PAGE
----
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Last Updated: Friday, 1 October, 2004, 10:04 GMT 11:04 UK
What the IMF boss needs to do
Analysis
Robert Chote
Director of the Institute of Fiscal Studies and a former IMF employee

Rodrigo de Rato
The new boss says the IMF is a political institution

This weekend representatives of the International Monetary Fund's 184 member countries gather in Washington for its annual meeting.

It is the debut for Rodrigo de Rato, the former Spanish finance minister appointed managing director of the global economic watchdog earlier this year.

Mr de Rato has yet to unveil a grand vision for the Fund, but has said he regards it as a "political" institution.

This raised eyebrows among those who portray it as purely technocratic, but he is absolutely right.

The Fund's critics sometimes forget that it is ultimately run and financed by its member governments, which is both a strength and a weakness.

The Fund was created 60 years ago to help countries resolve balance of payments problems without feeling the need to impose harmful trade barriers or squeeze the life out of their economies.

It was set up as a credit union, with members depositing part of their foreign exchange reserves to be leant for short periods to countries in difficulty.

The "quota" each country contributes - and its voting power - roughly reflects its importance in the world economy.

The member countries are then represented either singly or in constituencies on the Executive Board, which decides when to lend and with what strings attached.

Helping needy countries?

In the early days, virtually any member country could imagine itself needing the Fund's financial help, but the growth of private sector capital flows has now left it lending exclusively to developing countries.

The big-quota countries that call the shots know they are much less likely to have to submit themselves to its policy conditions than in earlier decades.

Some borrowers have found themselves in debt to the Fund and subject to its policy conditions over very long periods.

Meanwhile, these conditions have become more extensive and controversial domestically with the recognition that a country's ability to sustain strong growth and economic stability depends not just on budget deficits and the like, but also on structural features such as sound banks and flexible labour markets.

Mr de Rato needs to build a consensus to enhance the voice and representation of developing countries

Of course, the Fund's richer members have always been "more equal" than its poorer ones, but this polarisation into distinct groups of borrowers and creditors has helped undermine the notion of the Fund as an even-handed instrument of the international community.

It does not help that the most rapidly growing and successful developing economies in Asia do not feel they have the influence they deserve.

Protesters
IMF meetings regularly attract anti-globalisation protesters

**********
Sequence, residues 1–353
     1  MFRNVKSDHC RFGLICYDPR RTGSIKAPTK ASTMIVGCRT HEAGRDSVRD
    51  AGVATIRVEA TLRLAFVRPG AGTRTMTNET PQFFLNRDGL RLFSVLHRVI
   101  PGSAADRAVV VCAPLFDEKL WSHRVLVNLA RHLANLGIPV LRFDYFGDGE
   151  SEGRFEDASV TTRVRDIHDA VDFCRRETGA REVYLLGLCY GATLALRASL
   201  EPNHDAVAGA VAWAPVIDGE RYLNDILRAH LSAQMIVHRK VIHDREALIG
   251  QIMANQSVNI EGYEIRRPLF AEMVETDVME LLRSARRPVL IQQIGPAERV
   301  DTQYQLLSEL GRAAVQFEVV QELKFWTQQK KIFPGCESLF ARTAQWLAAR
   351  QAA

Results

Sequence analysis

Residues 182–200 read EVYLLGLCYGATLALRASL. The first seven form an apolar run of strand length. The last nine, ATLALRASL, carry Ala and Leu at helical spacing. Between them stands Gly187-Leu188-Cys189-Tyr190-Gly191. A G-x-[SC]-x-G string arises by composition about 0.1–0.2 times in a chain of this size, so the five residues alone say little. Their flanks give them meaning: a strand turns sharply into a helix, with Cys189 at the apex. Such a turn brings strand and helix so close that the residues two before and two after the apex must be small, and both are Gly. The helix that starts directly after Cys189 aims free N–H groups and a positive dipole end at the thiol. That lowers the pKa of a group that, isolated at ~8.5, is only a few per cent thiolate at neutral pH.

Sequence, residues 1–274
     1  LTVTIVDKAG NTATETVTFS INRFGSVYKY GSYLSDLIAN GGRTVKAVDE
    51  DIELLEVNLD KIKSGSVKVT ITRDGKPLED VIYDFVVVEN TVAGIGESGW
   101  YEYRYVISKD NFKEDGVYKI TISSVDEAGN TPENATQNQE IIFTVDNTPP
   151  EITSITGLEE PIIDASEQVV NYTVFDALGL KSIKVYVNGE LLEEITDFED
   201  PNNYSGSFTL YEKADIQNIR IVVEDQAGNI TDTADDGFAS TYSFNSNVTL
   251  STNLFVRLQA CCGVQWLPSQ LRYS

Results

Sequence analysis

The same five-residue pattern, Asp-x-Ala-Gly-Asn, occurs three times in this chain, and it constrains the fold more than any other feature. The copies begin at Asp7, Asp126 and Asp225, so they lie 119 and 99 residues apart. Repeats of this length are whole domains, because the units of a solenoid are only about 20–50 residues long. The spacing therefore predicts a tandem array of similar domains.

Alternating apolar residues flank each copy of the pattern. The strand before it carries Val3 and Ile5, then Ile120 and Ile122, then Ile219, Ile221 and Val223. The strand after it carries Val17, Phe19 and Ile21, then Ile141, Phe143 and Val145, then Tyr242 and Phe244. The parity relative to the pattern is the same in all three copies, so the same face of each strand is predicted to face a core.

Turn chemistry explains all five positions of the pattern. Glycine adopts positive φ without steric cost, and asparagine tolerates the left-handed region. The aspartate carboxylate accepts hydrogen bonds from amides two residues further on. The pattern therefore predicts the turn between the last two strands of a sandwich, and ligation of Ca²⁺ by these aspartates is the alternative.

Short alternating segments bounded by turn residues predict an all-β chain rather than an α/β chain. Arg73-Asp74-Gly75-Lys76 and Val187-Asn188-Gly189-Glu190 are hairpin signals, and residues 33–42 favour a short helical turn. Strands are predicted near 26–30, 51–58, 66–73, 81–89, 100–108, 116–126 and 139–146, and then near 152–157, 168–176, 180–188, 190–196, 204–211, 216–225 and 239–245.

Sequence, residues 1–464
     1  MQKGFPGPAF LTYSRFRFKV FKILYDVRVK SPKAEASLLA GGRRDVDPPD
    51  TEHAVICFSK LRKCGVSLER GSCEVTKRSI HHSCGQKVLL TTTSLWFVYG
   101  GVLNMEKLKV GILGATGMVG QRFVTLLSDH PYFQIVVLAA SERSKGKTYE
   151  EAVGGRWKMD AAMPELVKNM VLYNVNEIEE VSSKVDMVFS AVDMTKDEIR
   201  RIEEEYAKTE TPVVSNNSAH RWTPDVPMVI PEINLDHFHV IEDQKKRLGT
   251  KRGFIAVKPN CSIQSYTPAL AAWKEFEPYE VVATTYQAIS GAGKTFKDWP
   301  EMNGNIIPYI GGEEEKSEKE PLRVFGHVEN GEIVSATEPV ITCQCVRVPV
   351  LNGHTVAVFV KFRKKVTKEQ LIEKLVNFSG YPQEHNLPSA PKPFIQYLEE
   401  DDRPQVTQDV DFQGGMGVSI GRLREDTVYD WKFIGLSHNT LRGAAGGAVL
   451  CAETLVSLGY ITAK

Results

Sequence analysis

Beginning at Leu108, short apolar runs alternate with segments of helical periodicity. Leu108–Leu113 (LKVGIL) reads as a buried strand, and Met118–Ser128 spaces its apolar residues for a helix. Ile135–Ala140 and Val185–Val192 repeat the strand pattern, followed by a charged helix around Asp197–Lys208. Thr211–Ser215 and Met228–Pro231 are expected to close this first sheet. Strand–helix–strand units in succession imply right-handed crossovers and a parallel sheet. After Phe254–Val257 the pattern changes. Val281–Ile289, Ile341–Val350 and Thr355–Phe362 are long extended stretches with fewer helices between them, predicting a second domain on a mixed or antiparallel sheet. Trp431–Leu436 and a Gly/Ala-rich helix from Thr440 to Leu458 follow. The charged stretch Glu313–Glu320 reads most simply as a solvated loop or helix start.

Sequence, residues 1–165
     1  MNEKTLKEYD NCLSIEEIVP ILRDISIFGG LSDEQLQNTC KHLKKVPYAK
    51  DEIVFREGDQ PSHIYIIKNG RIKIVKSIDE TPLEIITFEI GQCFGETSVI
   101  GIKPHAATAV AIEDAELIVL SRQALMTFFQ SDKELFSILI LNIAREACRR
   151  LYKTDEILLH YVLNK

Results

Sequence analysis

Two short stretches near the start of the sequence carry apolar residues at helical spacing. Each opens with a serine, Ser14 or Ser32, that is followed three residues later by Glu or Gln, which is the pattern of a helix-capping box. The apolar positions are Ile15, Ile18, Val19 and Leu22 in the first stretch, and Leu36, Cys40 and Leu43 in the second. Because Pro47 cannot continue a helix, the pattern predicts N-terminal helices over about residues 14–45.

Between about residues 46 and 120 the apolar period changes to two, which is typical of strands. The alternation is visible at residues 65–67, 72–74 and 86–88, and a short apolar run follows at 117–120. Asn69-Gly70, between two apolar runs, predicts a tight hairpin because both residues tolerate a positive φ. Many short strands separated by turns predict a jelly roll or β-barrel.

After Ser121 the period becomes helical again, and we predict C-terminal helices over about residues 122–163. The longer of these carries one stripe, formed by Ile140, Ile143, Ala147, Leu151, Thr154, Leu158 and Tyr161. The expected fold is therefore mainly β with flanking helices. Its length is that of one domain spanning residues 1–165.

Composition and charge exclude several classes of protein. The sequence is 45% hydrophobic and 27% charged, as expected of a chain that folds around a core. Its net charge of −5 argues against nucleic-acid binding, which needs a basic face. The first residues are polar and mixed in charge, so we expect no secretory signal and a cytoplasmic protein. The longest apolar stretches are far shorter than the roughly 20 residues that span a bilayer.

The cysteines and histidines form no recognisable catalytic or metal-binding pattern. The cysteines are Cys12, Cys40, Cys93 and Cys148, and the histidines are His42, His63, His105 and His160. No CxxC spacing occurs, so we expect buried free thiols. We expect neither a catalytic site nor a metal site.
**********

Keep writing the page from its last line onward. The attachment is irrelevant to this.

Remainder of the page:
Europe clings tenaciously to at least a third of the 24 seats on the board and by convention it gets to choose the managing director. The US in turn wields the biggest single vote and even greater informal influence.

Political motives

The way this power has been exercised has fuelled criticism that lending is driven by political motives rather than the needs and merits of the borrowers.

For example, the US recently insisted that the Fund continue to support Argentina even though IMF staff told the board that its government was failing to do what was necessary to put its economy back on an even keel.

There was only token opposition on the board.

Lending in support of weak policies is dangerous because of the nature of modern financial crises.

It is much more expensive to help a country cope with a sudden outflow of capital than a conventional balance of payments problem.

As a result the Fund's outstanding lending has become heavily concentrated on a few borrowers, notably Argentina, Brazil and Turkey.

With the Fund easy to blame for economic hardship, a big borrower may one day decide to default.

IMF headquarters in Washington
The Fund now lends almost exclusively to developing countries
If Argentina did so, the Fund could probably cope by charging other borrowers more and paying depositors less.

But if another followed, the Fund's financial structure might be hard to sustain and resources for future lending could be much harder to come by.

Dancing to the pipers' tune

It is a fact of life that international institutions dance to the tune of powerful countries more readily than weak ones.

But the powerful need to recognise that the effectiveness of these institutions depends on them being seen as legitimate.

This argues for increasing the influence of poorer and fast-growing economies, as well as ensuring that all member governments are held to account for the Fund's actions rather than allowing faceless bureaucrats to shoulder the protest and criticism.

On Thursday the Fund said that the board had been looking at ways to enhance the voice and representation of developing countries, but "the broad consensus among the shareholders needed to achieve this does not currently exist".

Mr de Rato should do what he can to build one.




SEE ALSO:
Finance ministers meeting in US
01 Oct 04 |  Business
World growth 'fastest since 1973'
29 Sep 04 |  Business


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